As we completed our smudge and sharing circle during our Cultural teaching night, one of the youth approached me and had talked about having dreams of her late mother and brother. She shared how she dreamed of them during the night and was anxious and wanted to understand what her dreams meant. I shared with the youth how in our culture when our loved ones pass away into the spirit world we honour them with a pipe ceremony, sweatlodge and a feast.  

I also explained to her that our elders tell us “When we dream of our loved ones that have made their journey to the spirit world, they honor us by visiting our dreams. When this happens, it is important to smudge lift your tobacco make an offering of prayer and then feed the spirits in the sacred fire.” I then asked the youth if her family ever held a feast to honor her mother and brother and she replied quietly “No.” I assured the youth that it was ok and we would consult with our elders on the right way to approach things. 

On my next visit to the home I brought tobacco and cotton broad cloth and showed the youth how our elders use the tobacco and cloth while praying. I explained the importance of making this protocol and seeking guidance form our elders and how we would make our own prayer ties to make offerings. We then each took a handful of tobacco and lifted it up and prayed. We then wrapped the tobacco inside the cloth forming a round ball in one corner of the two-meter-long cloth. I told all the youth I would now be able to approach our elder and make a request of guidance. 

I attended the next earliest sweatlodge smudged my protocol that the youth made and handed them to the elder and made my request for guidance. The elder lifted his pipe, tobacco and cloths and made prayer offerings using his beautiful Cree language. We then completed four rounds of prayer, singing and sharing inside the sweatlodge. He instructed me to contact the elders, the kookom and the youth workers to arrange the feast. There will be a pipe, sweatlodge and a feast to honor these family members that have gone on their journey, bring the youth, their family and offerings on the day of the feast.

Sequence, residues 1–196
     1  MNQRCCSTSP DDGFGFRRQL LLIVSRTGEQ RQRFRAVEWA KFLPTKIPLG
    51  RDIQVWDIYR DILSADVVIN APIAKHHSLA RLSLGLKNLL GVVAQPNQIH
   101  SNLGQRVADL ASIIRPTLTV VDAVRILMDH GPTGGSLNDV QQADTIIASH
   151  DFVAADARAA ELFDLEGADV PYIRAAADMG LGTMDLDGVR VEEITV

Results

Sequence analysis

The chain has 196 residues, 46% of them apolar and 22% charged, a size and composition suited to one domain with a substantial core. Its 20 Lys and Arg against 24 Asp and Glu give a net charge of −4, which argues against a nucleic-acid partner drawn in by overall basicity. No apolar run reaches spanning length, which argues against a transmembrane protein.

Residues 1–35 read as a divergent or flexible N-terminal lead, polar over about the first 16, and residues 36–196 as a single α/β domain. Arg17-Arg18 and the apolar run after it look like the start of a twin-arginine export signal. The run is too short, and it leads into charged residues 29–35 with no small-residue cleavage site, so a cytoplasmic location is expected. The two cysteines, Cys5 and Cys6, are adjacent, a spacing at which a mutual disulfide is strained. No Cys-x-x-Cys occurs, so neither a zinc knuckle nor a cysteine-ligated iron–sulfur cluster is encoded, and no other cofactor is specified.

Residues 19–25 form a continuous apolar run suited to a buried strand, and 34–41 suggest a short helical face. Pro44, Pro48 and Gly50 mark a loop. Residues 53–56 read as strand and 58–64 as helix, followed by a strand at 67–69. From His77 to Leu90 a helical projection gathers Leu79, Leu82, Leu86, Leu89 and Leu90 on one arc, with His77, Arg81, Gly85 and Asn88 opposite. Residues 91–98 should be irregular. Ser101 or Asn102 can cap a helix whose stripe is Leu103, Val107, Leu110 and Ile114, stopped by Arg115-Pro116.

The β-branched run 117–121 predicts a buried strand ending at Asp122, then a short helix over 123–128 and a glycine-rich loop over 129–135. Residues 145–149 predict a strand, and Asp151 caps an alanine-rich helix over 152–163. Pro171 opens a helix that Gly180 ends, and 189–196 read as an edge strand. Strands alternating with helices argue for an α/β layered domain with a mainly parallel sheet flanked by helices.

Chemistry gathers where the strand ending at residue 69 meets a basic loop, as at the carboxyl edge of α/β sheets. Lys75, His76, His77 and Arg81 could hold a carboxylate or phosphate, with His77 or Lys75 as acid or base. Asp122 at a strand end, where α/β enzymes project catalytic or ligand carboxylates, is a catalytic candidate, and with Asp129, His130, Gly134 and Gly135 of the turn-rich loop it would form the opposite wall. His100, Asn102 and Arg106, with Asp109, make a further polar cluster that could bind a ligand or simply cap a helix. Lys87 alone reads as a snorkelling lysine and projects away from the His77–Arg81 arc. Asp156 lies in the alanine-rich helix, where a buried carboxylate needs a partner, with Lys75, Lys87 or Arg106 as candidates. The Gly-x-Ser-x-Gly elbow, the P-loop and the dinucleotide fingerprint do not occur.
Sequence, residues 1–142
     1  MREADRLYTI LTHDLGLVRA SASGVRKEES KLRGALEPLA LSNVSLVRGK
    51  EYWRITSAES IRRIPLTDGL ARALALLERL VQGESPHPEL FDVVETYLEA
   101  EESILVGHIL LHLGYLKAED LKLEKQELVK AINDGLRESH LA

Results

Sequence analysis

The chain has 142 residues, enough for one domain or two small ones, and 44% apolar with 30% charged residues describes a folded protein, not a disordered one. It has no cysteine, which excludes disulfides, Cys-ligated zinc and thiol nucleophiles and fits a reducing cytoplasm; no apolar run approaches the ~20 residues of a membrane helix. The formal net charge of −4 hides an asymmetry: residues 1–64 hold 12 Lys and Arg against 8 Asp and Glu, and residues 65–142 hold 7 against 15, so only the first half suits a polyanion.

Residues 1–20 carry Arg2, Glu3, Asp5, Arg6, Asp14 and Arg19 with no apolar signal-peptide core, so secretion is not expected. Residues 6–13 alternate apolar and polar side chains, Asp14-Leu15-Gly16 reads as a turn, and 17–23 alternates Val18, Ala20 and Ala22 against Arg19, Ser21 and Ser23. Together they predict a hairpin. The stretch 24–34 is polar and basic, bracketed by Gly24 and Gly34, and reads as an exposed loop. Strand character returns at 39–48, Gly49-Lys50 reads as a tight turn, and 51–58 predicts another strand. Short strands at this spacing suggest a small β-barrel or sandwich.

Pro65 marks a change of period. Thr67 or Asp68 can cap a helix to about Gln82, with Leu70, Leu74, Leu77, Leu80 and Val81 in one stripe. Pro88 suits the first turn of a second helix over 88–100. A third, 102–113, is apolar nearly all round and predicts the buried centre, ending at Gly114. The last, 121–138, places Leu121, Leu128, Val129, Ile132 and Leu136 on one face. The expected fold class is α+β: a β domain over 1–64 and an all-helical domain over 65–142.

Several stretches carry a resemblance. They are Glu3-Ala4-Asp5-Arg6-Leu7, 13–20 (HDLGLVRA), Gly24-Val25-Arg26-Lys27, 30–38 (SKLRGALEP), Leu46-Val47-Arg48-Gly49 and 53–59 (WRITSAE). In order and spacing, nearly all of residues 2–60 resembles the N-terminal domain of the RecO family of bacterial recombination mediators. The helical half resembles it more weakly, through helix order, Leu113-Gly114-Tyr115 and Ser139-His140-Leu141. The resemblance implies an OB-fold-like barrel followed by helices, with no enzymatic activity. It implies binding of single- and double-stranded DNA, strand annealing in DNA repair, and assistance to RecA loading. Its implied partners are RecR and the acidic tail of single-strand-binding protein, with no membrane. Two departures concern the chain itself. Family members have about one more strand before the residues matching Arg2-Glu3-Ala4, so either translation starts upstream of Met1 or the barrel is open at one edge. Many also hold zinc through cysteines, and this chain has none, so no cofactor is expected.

After several months of arranging and consulting, our day for the feast finally arrived we were filled with both relief and excitement as it seemed like this day would never come. As instructed we made our soup offering and attended the ceremony site. We participated first in the pipe ceremony where the elder asked for the names of the deceased we are honoring. The youth told the elder their mother and brothers names and he spoke them into his prayer while he lifted the pipe. I explained to the youth in our culture we are taught not to speak the names of our loved ones that have made their journey unless we are in ceremony, this is a sign of great respect. 

Upon completing the pipe, prayers and singing within the sweatlodge we sat on the ground around the food that was prepared for the feast. The oscapious/helpers smudged the rice soup, moose stew, the berries, fish, bannock, and tea then served the elders and all the families in attendance. The elder lifted a plate offering of all the food smudged it over with sage and said a final prayer. We then enjoyed the traditional dishes until we could not eat anymore. The elder then instructed his oscapious/helpers to put the food into the fire for the loved ones that are in the spirit world. 

I am pleased and happy that we were able to help the youth learn about their culture while honoring their loved ones in this way. I recognize that our culture that was once forbidden is resurging and coming back stronger than ever. As we embark on Aboriginal/Indigenous day celebrations throughout the country I am reminded that we do not have to be related by blood to be part of a family. 


Marcel Desjarlais is the Aboriginal Resource Coordinator for our Spirit of Our Youth homes.